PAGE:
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Title: Enhancement of the proteomics workflow and application to stem cell characterisation
Author: Techanukul, Tanasit
Awarding Body: Imperial College London
Current Institution: Imperial College London
Date of Award: 2012
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Stem cell research promises to transform current medical practices by providing alternative solutions for degenerative diseases, bodily injuries, organ failures, and cancers. One area that has been most extensively researched over the past decades is the use of genomics and transcriptomics to unravel the underlying molecular mechanisms of stem cell biology. However there are a number of reasons why information at the DNA and mRNA levels alone does not provide a complete profile of cellular activities. Proteins are ultimately the main functional macromolecules in living organisms and therefore study at the protein level is of importance in providing a more complete understanding of cellular behaviour. Recent developments in proteomics technology provide the tools to analyse functional protein profiles and determine key molecular factors in stem cell maintenance and differentiation processes. To date the current state-of-art proteomics approaches provide powerful tools for investigating the molecular basis of stem cell behaviour for both fundamental and applied research. The improvement in proteomic technologies is a key component in understanding stem cell biology, which is paving the way for the generation of unlimited cells of specific phenotypes for cell-based therapy and incorporation into engineered tissue constructs. This thesis will focus on the improvement of gel-based proteomics technology and the applications of proteomics in human embryonic stem cell research. A general workflow for gel-based proteomics is as follows: [Workflow structure diagram appears here. To view, please open pdf attachment] Chapter 1 includes an introduction in general to proteomics and stem cell biology. Chapter 2, 3 and 4 illustrate experimental results in the improvement of gel-based proteomics workflow. These improvements are in the areas of protein sample quality screening, economical alternatives for pre-stained fluorescent labelling in electrophoretic separations, and suitable image analysis software for fluorescent gel-based electrophoresis, respectively. In chapter 2, a new approach to screen and quickly analyse the quality of samples before running 2-DE was developed to save valuable time and materials. Multi-pixel detection combined with capillary electrophoresis was used as a screening tool for analysing the quality of samples prior to 2-DE. The results showed high resolution and reproducibility, accurate molecular weight assignment, relative quantitation, and absolute quantification of known proteins. This work is an important step towards the standardisation of gel-based proteomics, providing a rapid and visual evaluation method for the quality assessment of 2-DE samples. In chapter 3, an alternative set of cyanine dyes, which have similar chemical properties and a price much lower than the DIGE CyDyes, was investigated for comparative quantitation capability. Through multiple sample analyses these dyes were demonstrated to produce practically identical results to DIGE CyDyes, which allowed sample multiplexing and accurate quantitation for differential proteome expression analysis. This alternative set of cyanine dyes provides a useful approach for staff training, optimisation of experimental methods, and for preliminary results. In chapter 4, three commonly available DIGE enabled software packages were compared of their performance in DIGE experiments. The results demonstrated that all three software packages performed in a generally satisfactory manner, each with strengths and weaknesses. However, based on matching accuracy, Progenesis SameSpots software outperformed the other two software packages, possibly benefiting from its unique algorithm by outlining identical spot across all the gels. Chapter 5 presents comparative proteome profiles of human embryonic stem cells and human induced pluripotent stem cells using gel-based proteomics that provide insight into stem cell biology. The proteomic results showed that 24 protein spots from the gel between two cell populations differentially expressed more than two-fold change, being relatively 22 down-regulated and 2 up-regulated in iPSC population. Of those 24 spots, two identified proteins, being ATP dependent DNA helicase II protein (Ku80 protein) and heat shock 70kDa protein 9 protein (mortalin protein), were selected for further validation by q-PCR and western blotting. The final chapter gives a summary and suggests future direction of the work. Taken together, the work in this thesis has produced four experimental publications (three published and one intended for publication in Journal of Cellular Biochemistry) in the enhancement of gel-based proteomics workflow and the application of proteomics in stem cell biology to decipher the relationship between the molecular phenotype of native and induced pluripotent stem cells.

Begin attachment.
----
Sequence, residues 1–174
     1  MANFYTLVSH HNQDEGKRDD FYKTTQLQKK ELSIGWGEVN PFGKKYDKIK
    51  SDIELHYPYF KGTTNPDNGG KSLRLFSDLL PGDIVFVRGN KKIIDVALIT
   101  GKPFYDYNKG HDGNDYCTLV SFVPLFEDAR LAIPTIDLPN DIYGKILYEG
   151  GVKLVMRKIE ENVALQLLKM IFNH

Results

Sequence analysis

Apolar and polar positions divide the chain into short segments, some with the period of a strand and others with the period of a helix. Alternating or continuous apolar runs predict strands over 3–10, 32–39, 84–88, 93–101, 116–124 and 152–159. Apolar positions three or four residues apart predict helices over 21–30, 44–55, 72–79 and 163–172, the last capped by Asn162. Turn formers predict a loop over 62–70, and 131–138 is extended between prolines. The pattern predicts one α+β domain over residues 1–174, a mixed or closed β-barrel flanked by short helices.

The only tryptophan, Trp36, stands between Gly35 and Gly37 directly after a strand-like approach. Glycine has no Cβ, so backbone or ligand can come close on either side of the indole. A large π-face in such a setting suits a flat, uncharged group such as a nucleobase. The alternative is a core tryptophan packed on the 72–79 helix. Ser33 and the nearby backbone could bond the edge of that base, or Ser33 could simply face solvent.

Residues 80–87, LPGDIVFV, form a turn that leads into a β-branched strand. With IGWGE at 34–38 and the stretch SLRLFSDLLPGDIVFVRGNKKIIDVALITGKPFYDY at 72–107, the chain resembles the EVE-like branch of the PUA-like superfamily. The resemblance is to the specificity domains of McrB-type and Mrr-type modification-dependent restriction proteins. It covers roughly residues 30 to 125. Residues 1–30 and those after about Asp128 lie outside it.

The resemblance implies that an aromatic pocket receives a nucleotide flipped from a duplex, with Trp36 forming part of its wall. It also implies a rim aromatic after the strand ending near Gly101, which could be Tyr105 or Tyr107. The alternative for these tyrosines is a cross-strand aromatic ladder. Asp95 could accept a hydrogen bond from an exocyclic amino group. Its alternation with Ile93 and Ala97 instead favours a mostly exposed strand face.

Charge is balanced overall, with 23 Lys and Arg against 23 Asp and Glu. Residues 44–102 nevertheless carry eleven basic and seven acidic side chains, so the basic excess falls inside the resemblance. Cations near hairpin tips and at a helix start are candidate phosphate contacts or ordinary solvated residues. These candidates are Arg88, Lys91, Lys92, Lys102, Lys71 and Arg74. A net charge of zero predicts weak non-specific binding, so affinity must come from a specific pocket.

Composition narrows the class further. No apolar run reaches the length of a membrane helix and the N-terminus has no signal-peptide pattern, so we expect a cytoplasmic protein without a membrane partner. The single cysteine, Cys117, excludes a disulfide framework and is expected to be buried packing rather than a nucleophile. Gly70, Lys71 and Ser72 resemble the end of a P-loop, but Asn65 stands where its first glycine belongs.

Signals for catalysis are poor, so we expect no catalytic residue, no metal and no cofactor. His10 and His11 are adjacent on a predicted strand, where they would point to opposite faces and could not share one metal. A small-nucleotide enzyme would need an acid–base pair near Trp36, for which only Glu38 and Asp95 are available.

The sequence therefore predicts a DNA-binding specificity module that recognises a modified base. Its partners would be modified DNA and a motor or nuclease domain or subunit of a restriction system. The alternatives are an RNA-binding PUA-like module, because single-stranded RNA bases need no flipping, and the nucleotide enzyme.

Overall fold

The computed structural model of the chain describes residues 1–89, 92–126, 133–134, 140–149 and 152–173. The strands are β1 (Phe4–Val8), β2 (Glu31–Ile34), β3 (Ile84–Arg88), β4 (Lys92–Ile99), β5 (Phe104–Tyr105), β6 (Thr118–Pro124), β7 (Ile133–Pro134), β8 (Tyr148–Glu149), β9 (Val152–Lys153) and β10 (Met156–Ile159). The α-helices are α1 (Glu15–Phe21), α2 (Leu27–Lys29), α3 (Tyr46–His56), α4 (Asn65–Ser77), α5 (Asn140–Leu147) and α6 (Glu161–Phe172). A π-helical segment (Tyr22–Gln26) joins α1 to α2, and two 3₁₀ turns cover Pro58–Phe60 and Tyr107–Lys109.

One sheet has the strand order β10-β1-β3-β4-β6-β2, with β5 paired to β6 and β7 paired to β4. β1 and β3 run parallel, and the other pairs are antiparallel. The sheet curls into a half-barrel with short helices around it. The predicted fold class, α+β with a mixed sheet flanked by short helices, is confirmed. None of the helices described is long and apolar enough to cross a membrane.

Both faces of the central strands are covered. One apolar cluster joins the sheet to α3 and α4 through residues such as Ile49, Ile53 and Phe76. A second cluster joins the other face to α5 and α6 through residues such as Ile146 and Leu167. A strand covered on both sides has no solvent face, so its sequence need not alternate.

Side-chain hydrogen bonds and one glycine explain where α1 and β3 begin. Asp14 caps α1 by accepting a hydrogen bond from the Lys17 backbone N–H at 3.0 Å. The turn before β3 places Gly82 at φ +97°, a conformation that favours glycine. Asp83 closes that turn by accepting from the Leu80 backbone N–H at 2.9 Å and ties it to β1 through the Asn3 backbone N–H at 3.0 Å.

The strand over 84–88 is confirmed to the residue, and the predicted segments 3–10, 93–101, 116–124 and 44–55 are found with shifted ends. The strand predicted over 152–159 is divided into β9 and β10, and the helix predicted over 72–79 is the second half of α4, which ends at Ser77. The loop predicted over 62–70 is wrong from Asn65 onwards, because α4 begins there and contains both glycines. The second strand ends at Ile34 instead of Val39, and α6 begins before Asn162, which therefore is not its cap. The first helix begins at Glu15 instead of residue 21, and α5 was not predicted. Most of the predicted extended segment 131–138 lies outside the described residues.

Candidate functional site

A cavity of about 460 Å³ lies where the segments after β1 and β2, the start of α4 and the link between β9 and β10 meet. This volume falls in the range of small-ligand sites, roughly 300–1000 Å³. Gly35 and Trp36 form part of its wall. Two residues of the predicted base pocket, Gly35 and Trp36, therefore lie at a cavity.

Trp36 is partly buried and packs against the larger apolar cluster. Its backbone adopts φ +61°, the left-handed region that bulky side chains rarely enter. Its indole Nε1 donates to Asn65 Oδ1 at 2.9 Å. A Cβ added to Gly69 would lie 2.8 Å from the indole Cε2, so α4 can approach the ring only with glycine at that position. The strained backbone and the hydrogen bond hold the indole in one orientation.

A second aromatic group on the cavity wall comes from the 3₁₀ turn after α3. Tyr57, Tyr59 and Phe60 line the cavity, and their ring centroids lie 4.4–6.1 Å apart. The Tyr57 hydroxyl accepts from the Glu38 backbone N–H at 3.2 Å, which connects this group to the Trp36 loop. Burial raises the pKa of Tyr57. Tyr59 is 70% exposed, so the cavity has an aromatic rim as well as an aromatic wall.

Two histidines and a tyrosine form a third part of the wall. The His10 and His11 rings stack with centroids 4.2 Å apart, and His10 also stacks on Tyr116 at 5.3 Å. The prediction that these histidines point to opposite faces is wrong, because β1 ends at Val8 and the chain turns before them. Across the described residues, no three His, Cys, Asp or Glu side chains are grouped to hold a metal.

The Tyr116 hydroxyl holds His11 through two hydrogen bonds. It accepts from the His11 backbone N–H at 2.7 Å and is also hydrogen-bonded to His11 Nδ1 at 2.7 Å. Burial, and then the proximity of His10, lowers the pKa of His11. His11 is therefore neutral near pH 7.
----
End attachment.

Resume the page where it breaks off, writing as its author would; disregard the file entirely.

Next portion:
Supervisor: Cass, Tony Sponsor: Not available
Qualification Name: Thesis (Ph.D.) Qualification Level: Doctoral